Short-Term Precipitation Exclusion Alters Microbial Responses to Soil Moisture in a Wet Tropical Forest

Bonnie G. Waring, Christine V. Hawkes

Research output: Contribution to journalArticlepeer-review

41 Scopus citations


Many wet tropical forests, which contain a quarter of global terrestrial biomass carbon stocks, will experience changes in precipitation regime over the next century. Soil microbial responses to altered rainfall are likely to be an important feedback on ecosystem carbon cycling, but the ecological mechanisms underpinning these responses are poorly understood. We examined how reduced rainfall affected soil microbial abundance, activity, and community composition using a 6-month precipitation exclusion experiment at La Selva Biological Station, Costa Rica. Thereafter, we addressed the persistent effects of field moisture treatments by exposing soils to a controlled soil moisture gradient in the lab for 4 weeks. In the field, compositional and functional responses to reduced rainfall were dependent on initial conditions, consistent with a large degree of spatial heterogeneity in tropical forests. However, the precipitation manipulation significantly altered microbial functional responses to soil moisture. Communities with prior drought exposure exhibited higher respiration rates per unit microbial biomass under all conditions and respired significantly more CO2 than control soils at low soil moisture. These functional patterns suggest that changes in microbial physiology may drive positive feedbacks to rising atmospheric CO2 concentrations if wet tropical forests experience longer or more intense dry seasons in the future.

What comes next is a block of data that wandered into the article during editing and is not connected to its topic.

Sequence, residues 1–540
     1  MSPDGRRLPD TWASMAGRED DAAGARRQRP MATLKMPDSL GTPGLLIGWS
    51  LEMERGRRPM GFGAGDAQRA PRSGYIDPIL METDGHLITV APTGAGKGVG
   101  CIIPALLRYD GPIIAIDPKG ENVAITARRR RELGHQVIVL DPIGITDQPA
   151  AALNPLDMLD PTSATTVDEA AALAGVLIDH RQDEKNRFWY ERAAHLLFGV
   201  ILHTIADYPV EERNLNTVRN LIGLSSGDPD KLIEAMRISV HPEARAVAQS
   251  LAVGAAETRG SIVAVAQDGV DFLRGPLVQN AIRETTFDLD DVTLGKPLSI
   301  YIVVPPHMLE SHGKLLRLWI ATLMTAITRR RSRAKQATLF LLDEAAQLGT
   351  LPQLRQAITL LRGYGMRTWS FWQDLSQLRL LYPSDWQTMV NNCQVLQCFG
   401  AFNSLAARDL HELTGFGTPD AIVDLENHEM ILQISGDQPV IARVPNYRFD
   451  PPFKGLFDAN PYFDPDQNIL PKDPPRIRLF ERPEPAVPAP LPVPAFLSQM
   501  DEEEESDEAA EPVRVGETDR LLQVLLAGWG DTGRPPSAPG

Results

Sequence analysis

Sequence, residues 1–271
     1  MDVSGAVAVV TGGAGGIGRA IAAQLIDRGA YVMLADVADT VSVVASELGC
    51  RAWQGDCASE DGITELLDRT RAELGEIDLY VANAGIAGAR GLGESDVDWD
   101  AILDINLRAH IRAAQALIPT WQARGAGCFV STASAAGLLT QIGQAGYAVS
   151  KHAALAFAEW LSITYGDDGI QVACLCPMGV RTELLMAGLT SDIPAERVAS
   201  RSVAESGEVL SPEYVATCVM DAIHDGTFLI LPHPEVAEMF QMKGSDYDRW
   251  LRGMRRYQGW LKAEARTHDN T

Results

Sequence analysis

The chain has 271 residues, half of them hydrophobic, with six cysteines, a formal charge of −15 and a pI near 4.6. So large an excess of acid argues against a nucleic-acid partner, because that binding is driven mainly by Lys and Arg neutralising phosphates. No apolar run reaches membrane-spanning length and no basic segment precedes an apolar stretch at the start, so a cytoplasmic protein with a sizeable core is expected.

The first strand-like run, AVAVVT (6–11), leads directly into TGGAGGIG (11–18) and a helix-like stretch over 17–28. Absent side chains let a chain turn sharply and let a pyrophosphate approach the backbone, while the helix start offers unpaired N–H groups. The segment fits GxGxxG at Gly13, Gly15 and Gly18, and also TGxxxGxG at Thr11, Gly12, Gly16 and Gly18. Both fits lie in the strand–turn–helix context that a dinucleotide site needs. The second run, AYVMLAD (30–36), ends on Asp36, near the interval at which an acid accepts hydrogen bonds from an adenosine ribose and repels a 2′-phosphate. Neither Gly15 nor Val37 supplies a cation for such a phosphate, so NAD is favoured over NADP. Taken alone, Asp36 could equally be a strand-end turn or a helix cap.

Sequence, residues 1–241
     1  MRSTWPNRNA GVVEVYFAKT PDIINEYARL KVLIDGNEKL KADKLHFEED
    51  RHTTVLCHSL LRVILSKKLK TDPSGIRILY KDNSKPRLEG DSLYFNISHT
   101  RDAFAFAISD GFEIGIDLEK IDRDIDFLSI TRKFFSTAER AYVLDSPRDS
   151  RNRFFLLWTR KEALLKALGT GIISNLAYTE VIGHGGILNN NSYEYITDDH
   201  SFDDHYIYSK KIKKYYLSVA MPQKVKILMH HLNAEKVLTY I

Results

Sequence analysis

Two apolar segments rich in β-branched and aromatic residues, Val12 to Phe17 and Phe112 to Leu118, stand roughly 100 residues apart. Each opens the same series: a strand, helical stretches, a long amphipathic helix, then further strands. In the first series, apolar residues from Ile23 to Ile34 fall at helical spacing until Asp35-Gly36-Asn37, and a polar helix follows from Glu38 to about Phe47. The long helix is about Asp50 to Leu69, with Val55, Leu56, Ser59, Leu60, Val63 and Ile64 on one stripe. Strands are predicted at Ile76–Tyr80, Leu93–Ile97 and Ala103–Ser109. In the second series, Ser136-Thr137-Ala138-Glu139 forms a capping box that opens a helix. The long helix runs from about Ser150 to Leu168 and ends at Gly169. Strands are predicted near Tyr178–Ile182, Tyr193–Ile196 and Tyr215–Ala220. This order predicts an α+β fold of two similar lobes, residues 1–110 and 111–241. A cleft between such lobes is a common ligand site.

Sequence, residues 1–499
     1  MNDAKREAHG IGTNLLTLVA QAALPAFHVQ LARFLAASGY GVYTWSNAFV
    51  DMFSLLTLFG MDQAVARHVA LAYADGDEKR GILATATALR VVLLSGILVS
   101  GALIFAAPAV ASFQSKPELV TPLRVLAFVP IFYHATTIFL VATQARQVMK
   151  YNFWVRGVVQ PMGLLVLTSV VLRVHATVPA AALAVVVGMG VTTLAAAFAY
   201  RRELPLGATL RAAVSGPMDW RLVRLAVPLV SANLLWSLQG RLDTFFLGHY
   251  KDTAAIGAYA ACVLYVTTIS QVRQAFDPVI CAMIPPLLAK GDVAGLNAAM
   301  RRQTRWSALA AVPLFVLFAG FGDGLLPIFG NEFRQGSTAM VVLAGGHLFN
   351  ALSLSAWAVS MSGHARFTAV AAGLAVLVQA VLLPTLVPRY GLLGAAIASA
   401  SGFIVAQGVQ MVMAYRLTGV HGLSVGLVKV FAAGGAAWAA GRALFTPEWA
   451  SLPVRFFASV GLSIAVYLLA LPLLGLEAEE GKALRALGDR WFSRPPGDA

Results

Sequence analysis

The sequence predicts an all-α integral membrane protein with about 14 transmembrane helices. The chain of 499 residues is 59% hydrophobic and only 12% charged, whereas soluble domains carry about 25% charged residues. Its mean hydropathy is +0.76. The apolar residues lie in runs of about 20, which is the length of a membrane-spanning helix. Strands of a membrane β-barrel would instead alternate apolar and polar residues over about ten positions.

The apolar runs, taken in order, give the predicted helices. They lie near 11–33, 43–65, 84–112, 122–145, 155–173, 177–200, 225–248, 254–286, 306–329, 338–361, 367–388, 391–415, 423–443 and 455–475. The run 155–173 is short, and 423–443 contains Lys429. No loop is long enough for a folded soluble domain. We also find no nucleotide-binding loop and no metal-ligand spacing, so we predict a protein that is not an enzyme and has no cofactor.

Original languageEnglish (US)
Pages (from-to)843-854
Number of pages12
JournalMicrobial ecology
Issue number4
StatePublished - May 1 2015

Bibliographical note

Funding Information:
The authors are grateful to the staff of the Organization for Tropical Studies, especially Bernal Matarrita and Danilo Brenes, for their logistical assistance. Many thanks to Jim Dula for help in the field and lab. This material is based upon work supported by a National Science Foundation (NSF) Graduate Research Fellowship to BGW and NSF grant no. DEB-1119169 to CVH.

Publisher Copyright:
© 2014, Springer Science+Business Media New York.


Dive into the research topics of 'Short-Term Precipitation Exclusion Alters Microbial Responses to Soil Moisture in a Wet Tropical Forest'. Together they form a unique fingerprint.

Cite this